All runners received certificates based on age group standards.

  • 1979

    Travelling Members

    Starting in 1979 it became traditional for club members to travel together to the Boston Marathon.

    Regionally, Island runners formed sizable contingents at the Johnny Miles Marathon in New Glasgow, Nova Scotia.

  • 1980

    Grand Prix Series

    By 1980 the club had instituted its “Grand Prix” series of road races. The 1980 series was composed of 17 races, some of which were organized directly by club members while other were developed locally.

    The schedule included races in all three counties and at distances ranging from two-miles to the marathon.

    Runners earned points according to their place of finish in each race. a runner’s six best placings were added up, and awards were made at the end of the year according to age and gender divisions.

    All runners received certificates based on age group standards.

Development of the Race Schedule

This list for 1980 shows the variety of races spread through the year and across the Island:

Event Location Month Distance
Dairy Queen Bunny Hop Charlottetown April 10 km
Athena High School Run Summerside May 7 miles
CFCY Spring Fever Pace Charlottetown May 2 miles
Campers City Run Charlottetown May 5 miles
Col. Gray-McDonald’s Run Charlottetown June 10 miles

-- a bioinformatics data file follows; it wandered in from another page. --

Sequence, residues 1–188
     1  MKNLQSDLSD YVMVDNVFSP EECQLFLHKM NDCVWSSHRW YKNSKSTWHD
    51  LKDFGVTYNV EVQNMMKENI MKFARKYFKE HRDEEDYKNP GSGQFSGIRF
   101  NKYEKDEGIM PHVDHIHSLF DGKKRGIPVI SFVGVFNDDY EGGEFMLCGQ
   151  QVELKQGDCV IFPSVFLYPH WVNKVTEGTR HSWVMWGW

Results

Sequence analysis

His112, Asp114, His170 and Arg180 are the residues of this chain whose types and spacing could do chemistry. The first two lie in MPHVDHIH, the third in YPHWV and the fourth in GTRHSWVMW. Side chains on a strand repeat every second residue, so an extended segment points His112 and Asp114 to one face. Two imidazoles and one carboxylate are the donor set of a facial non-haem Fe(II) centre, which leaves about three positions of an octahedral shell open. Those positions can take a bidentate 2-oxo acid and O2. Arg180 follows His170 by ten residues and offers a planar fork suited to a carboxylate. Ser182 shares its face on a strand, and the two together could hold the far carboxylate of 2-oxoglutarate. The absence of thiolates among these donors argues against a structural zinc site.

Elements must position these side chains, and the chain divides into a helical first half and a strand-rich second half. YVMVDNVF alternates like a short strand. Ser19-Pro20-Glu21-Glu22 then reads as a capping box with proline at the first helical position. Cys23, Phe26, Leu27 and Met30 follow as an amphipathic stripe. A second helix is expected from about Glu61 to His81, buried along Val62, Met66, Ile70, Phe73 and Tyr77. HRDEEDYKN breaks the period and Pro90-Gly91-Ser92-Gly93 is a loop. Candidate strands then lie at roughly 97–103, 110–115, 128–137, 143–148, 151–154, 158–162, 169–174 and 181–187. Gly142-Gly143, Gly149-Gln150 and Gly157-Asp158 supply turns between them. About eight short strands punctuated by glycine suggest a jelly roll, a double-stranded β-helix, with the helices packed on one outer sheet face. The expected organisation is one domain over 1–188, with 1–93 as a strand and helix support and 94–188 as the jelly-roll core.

Seaman’s Beverages Run Charlottetown July 4 miles
Fulton Campbell Memorial Montague July 20 km
Belfast Lions Mid-Summer Jaunt Pinette July 8 miles
Tyne Valley Oyster Festival Tyne Valley August 20 miles
National Park Run Stanhope August 10 km
Kensington Harvest Festival Kensington August 25 km
Volume Rentals Half Marathon Charlottetown September 13.1 miles
PEI Roadrunners Marathon Charlottetown September 26.2 miles
Alice Faye’s Run for Women Charlottetown October 3 miles
CAPHER Run Stanhope October 10 km
Dunk River Run Bedeque November 7.5 miles
Dairy Queen Polar Run Charlottetown December 5 miles

1980 was typical of the Island race schedule during the club’s early years – some races would come and go but most remained in place throughout – some later additions included the Mardi Gras Run in Summerside, the Spring Tune-up in Bedeque, the Brothers Two Run in Summerside and the North Shore Coastal Run from French River to Malpeque.